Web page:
15 Worst Video Game Levels Of The 2000s

Seriously, what the hell was up with Max Payne's blood trail level?!

Is there anything quite like gamer rage? No other artform prods and pulls at your most primal reactions quite like losing a level at the last minute thanks to a mistimed jump, or a random boss getting the better of you just when you could've won, had you another second in the field. There's something incredibly universal in that feeling. A real fight-or-flight response that'll either make you hurl the pad in frustration or knuckle down, lick your digital wounds and try again - and again - until you emerge victorious. The final sensation of snatching victory from the constantly gnashing jaws of defeat is euphoric and something that, when a level's been designed in a way to make your win/loss ration fair the entire time, separates the finest games from the rest. Speaking of the rest, that's where these guys come in; unfair AI numbers baring down on you, bad level design, unresponsive gameplay mechanics and a whole lot more. It's easy to forget gaming's heritage is in coin-stealing difficulty of the arcade scene, and that sometimes boils down to a developer simply wanting to test your worth for the sake of it. So, time to test your gamer mettle - let us know how many of these abominations you overcame in the comments below.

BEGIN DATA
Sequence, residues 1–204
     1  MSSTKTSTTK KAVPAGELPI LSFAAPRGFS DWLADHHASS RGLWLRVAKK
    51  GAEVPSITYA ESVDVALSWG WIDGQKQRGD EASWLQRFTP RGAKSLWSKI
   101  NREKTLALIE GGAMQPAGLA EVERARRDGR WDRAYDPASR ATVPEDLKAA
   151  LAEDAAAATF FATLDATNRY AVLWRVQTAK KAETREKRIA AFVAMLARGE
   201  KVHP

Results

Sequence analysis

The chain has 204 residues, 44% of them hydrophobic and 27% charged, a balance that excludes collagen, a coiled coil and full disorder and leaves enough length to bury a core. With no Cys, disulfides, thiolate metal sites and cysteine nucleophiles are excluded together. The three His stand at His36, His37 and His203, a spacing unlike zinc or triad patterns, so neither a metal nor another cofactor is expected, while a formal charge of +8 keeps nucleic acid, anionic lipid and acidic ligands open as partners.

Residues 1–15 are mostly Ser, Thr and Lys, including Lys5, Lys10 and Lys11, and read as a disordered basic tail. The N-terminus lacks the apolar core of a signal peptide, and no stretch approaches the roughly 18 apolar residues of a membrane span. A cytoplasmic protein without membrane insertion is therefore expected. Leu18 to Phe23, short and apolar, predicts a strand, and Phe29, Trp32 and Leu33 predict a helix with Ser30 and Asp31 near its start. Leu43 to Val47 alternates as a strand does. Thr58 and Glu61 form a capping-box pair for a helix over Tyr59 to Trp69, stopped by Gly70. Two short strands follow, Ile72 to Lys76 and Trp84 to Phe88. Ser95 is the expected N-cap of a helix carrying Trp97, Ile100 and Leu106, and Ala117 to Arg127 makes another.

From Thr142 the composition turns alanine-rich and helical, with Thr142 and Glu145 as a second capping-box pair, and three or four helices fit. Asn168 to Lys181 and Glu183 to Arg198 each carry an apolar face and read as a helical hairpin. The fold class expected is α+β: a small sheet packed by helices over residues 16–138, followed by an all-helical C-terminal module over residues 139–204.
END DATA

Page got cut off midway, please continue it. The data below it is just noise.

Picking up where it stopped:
15. Tailing The Resistance Member - Metal Gear Solid 4: Guns Of The Patriots

MGS 4 remains the one entry in the franchise where Kojima went completely overboard on the cutscene-to-game ratio. There's eight hours of the damn things in total, which when you then reflect back on your game-time (a paltry four levels), is made far worse by realising an entire section was devoted to tailing a guy. Seriously, tailing missions in any form - from Assassin's Creed to GTA - just flat-out suck. Whilst the other two aforementioned franchises will give you a couple of HUD elements (like a detection meter or awareness circle around your target) to help you along, MGS 4 just threw you into the world, the informant you're after darting away into the distance, with zero help as to if you'd be spotted or not. Intended to be Kojima's tribute to French New Wave and film noir, its low lighting immediately makes Snake's trenchcoat'd exploits immediately iconic, but the thing went on for ages. You'd be dodging patrolling robotic sentries, guards, hiding under cars and ducking out the way of your target randomly turning around - all with zero checkpointing and an instant fail-state if you messed up. There's a good reason Ubisoft removed most of these levels in their later Assassin's Creed games, although MGS V couldn't resist having a couple - but at least you can finish if you're spotted.
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Gaming Editor
Gaming Editor

WhatCulture's Head of Gaming.